Sure, you can spackle and say it was careers and finances. But if a man truly loved you, he’d go to a courthouse and give you a pop-top lid for a ring. He wouldn’t wait for the monogramed cocktail napkins. Please re-examine your values if having the big country club wedding with the poofy white dress was more important than the commitment.
It just sounds like he sold you a bill of goods. He was happy to let you fantasize for years about your dream wedding. You thought you were Working Toward Something together. He, on the other hand, was just buying time.
What did all those years mean? You were of use to him, a good-enough relationship until he achieved the status and position he wanted in life. Enjoying that meant being free of his entanglements with you. An honest person would have had an honest conversation with you (like 9 years ago).
Poofing, on the other hand, is what narcissists do. They poof on their children. They poof on their creditors. They poof on their employers. They’re Very Special People who deserve Special Considerations. But they don’t poof until they’ve extracted some value from you. Career help. Raising their family. Taking care of the aging parents. Things get sticky when chumps have needs. When children become teenagers and cease to give kibbles. When bills come due and credit is no longer extended. When people demand accountability from them.
You wanted a wedding. He dragged it out as long as he could, and when gosh darn it, you were going to have that wedding — he poofed. I think your job situation is irrelevant. Convenient for fucking around, but beside the point. A loving relationship can stand a few months apart (with what sounds like frequent visits in between). The bigger issue IMO is that you wanted accountability from him. You wanted a commitment.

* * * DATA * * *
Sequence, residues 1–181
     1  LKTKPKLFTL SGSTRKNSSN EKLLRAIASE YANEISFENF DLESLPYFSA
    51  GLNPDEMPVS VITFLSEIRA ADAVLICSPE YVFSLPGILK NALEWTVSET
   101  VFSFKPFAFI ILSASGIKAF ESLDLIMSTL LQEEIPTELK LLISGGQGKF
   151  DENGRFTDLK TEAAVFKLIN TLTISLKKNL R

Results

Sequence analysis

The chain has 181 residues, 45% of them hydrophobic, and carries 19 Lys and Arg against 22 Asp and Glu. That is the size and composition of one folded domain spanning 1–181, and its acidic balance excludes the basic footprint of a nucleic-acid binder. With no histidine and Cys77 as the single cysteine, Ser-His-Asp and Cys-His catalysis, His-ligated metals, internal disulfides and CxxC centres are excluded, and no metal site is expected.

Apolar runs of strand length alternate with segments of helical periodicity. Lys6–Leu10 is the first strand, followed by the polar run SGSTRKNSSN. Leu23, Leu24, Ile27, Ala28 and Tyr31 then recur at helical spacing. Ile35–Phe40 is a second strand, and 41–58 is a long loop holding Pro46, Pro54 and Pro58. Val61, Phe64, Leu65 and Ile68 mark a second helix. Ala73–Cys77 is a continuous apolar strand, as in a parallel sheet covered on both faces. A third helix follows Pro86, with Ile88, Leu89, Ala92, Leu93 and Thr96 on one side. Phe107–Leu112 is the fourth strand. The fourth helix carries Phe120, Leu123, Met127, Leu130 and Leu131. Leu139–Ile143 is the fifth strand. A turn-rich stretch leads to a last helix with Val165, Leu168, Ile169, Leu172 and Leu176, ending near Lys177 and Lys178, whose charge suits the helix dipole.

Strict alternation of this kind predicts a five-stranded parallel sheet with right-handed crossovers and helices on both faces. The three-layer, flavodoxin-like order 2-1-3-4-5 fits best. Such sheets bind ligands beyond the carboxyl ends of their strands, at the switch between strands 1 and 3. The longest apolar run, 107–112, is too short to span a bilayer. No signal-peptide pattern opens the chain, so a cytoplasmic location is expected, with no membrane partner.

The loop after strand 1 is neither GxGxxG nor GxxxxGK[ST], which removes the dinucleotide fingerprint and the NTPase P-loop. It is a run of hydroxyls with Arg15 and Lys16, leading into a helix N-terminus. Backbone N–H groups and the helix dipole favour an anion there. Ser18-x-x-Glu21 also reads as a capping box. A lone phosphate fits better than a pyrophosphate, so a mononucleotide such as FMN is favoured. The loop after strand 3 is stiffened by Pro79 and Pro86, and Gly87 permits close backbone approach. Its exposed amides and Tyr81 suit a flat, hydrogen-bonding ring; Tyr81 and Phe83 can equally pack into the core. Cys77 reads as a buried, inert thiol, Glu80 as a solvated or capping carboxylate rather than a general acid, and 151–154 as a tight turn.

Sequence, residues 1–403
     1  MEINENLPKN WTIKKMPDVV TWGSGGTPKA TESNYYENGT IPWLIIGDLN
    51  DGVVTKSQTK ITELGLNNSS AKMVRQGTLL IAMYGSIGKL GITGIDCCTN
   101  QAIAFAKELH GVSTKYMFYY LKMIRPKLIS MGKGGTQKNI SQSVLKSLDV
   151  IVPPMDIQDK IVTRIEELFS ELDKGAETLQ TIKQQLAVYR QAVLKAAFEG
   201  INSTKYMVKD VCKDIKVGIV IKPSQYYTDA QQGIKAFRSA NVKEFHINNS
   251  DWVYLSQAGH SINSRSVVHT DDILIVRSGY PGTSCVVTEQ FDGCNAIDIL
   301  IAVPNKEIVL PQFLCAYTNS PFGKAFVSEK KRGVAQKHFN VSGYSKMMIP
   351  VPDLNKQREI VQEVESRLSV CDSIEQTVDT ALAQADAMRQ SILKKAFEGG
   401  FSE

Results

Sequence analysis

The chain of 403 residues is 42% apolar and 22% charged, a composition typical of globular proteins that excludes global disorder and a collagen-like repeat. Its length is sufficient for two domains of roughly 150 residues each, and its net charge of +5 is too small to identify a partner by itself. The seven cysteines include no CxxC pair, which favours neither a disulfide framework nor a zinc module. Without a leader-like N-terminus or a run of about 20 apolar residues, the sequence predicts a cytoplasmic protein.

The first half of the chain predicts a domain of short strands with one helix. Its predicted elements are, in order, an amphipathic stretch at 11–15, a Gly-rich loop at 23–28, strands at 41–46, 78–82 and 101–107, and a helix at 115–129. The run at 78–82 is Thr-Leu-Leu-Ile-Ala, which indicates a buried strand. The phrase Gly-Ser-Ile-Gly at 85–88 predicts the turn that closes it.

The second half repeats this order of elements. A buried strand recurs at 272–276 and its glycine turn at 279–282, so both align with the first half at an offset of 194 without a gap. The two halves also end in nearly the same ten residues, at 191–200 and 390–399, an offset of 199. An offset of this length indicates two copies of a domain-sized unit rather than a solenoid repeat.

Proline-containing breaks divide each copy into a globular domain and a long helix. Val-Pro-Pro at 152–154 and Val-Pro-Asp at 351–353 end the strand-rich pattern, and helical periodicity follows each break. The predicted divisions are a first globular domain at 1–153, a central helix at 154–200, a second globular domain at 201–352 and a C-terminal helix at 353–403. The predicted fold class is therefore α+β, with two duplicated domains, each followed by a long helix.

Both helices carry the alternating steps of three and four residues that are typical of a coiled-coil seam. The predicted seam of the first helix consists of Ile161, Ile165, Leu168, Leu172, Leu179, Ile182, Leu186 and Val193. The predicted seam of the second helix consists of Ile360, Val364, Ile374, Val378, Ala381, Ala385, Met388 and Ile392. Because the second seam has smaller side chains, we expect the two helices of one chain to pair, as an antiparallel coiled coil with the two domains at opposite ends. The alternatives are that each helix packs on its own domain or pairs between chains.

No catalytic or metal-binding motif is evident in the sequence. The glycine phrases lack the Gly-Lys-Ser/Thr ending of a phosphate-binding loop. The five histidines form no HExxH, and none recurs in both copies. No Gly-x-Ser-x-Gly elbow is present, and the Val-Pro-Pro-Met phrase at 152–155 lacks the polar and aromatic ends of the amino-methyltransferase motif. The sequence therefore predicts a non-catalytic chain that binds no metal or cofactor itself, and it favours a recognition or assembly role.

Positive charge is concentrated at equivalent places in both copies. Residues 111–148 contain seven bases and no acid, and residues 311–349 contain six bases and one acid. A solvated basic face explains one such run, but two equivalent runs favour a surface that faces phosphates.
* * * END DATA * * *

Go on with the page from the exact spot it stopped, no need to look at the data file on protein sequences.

You can say, oh he wanted that too! But his actions say quite clearly that he did not. You had a seven-year engagement. You had flimsy excuses. You had fake remorse — he never ended his affair. Oh, and the offer to quit his job is one of those crazy things wing nuts do — I’ll make a dramatic gesture you will never take me up on! His actions tell the story — he was checked out and not one bit sorry for cheating on you, or stringing you along. Sorry would be not just paying you back half, sorry would be paying for the ENTIRE loss, because this was HIS mistake.
Consider yourself fortunate you didn’t have a life with this man and it ended before the wedding. It’s sounds like you’re off to a great start and didn’t prolong the agony with more chumpiness. If you were a student 11 years ago — you’re YOUNG. Please don’t worry about never loving or trusting again. Learn from this and go have an awesome cheater-free existence. Make sure the next guy who loves you is congruent in word and deed. It’s okay to have needs, and it’s okay to bail honestly if they’re not met. No more seven-year engagements, SP. You deserve someone totally into you.